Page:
Because of his phys­i­cal dis­abil­i­ties, Lark­ing sits on a chair in the rear of the mosque while oth­ers pray upon the floor. On the occa­sional Fri­days that Tsar­naev was present for the after­noon ser­vice at the mosque, he fre­quently joined Lark­ing at the end and helped him walk to a hand­i­cap van wait­ing out­side to take him home. Tsar­naev fondly dubbed Lark­ing “Dawud,” David in Arabic.

    Tsar­naev also urged Lark­ing to grow a beard say­ing, as Lark­ing recalled it, “that all Mus­lim men needed beards. So, I said, ‘OK.’ ” When Lark­ing began grow­ing a beard, Tsar­naev came to his home every sev­eral weeks to trim and take care of it.

    “He was very kind,” Lark­ing said.

    Kather­ine Rus­sell, who mar­ried Tsar­naev in 2010, con­verted from Catholi­cism to Islam for rea­sons sim­i­lar to his own, said Lark­ing. Like him, she was deeply dis­ap­pointed over the scan­dal that engulfed the church and she was wor­ried that the daugh­ter she had with Tsar­naev would not be safe in the church in which she had grown up.

    “She wanted a church with more morals,” recalled Lark­ing. “She felt the mosque would be a safer place for her daugh­ter to go to nurs­ery school.”

    One of Tsarnaev’s stronger polit­i­cal beliefs was that Amer­ica was too involved in the affairs of nations around the world and should mind its own busi­ness. He often crit­i­cized Obama for US inter­ven­tion in Afghanistan and Iraq, Lark­ing said. Dur­ing the 2012 pres­i­den­tial cam­paign, Tsar­naev spoke in sup­port of con­ser­v­a­tive Ron Paul, a fierce pro­po­nent of non-intervention overseas.

    About a year ago, Tsar­naev handed his Cam­bridge land­lord, Joanna Her­lihy, a copy of the book, The Pro­to­col of the Elders of Zion, a tract that pur­ports to describe a plan by Jew­ish lead­ers to take over the world. Long ago dis­cred­ited, it was first pub­lished in Rus­sia over a cen­tury ago.

    “This is a good book,” he told her, as she recalled.

    Her­lihy said she warned Tsar­naev that the book was seen as “pro­pa­ganda.” Still, she took the book and tried to “plow through it” this past win­ter, com­mit­ted to under­stand­ing it enough to have a “seri­ous con­ver­sa­tion” with Tsar­naev. How­ever, she never did fin­ish the book and feels badly she missed the chance to engage him, and per­haps dis­suade him, from such extreme ideas.

    “I’ve regret­ted it,” she said.

    A vora­cious reader, Tsar­naev kept many of the pub­li­ca­tions Lark­ing shared with him in his Cam­bridge apart­ment. But when fed­eral inves­ti­ga­tors ran­sacked the place after the April bomb­ing, some res­i­dents in the build­ing noted with inter­est that they left behind some of Tsarnaev’s non-Muslim extrem­ist readings.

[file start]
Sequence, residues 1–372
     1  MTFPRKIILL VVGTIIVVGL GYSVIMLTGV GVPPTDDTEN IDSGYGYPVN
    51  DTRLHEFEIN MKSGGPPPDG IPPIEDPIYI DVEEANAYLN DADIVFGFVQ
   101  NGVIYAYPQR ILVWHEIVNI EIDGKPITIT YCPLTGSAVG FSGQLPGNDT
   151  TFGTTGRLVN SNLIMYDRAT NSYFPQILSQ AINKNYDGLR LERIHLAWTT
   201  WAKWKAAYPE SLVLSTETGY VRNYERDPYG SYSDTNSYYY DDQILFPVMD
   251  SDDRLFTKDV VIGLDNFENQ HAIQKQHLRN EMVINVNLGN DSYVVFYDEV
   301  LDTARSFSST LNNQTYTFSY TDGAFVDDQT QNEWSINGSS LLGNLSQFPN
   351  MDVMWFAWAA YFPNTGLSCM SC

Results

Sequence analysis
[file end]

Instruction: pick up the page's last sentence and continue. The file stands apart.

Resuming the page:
“I think it’s inter­est­ing the FBI didn’t take them,” said Har­vey Smith, a long­time ten­ant of the same build­ing. “Maybe it’s because it didn’t fit into their think­ing about him.”
    Globe reporter Patty Wen con­tributed to this story.

    Posted by Vanfield | August 12, 2013, 10:22 am
  6. Re: Tamer­lan Tsarnaev’s friend Toda­shev, shot by the FBI in Orlando:

    Ibragim Toda­shev was ‘a very good boy who wanted to live’ dad says of son killed by FBI in Orlando

    http://www.orlandosentinel.com/news/local/breakingnews/os-todashev-father-speaks-tampa-20130813,0,4617373.story

    (excerpt)

    “He said Todashev’s friends have said they were ques­tioned by the FBI in the days before the fatal shoot­ing, and threats were made sug­gest­ing that if the friends did not spy on local mosques, they would risk hav­ing their immi­gra­tion sta­tuses changed.”

    ———–

    This sug­gests that Tamer­lan Tsarnaev’s FBI “vis­its” were also about recruit­ing — his immi­gra­tion sta­tus could have been lever­aged due to a domes­tic abuse case against him.

    Posted by Swamp | August 13, 2013, 8:51 am
  7. Remem­ber the shape-shifting weapon wielded by Ibrahim Toda­shev? If not, jump to ~2:50 here. So was it a knife? A pipe? A broom­stick? No weapon at all?

    It looks like “pipe” is going to be the final answer:

    Wash­ing­ton Post
    FBI agent cleared in Florida shoot­ing of sus­pect ques­tioned about Boston bombing

    By Adam Gold­man and Wes­ley Low­ery, Updated: Fri­day, March 21, 12:35 PM

    A Florida pros­e­cu­tor has ruled that an FBI agent was jus­ti­fied in using deadly force when he shot and killed a Chechen man con­nected to two broth­ers accused of car­ry­ing out the Boston Marathon bombing.

    Law enforce­ment offi­cials said that Ibragim Toda­shev, 27, a mixed-martial-arts fighter, attacked the agent with a metal pole dur­ing an inter­view at his Orlando apart­ment on May 22.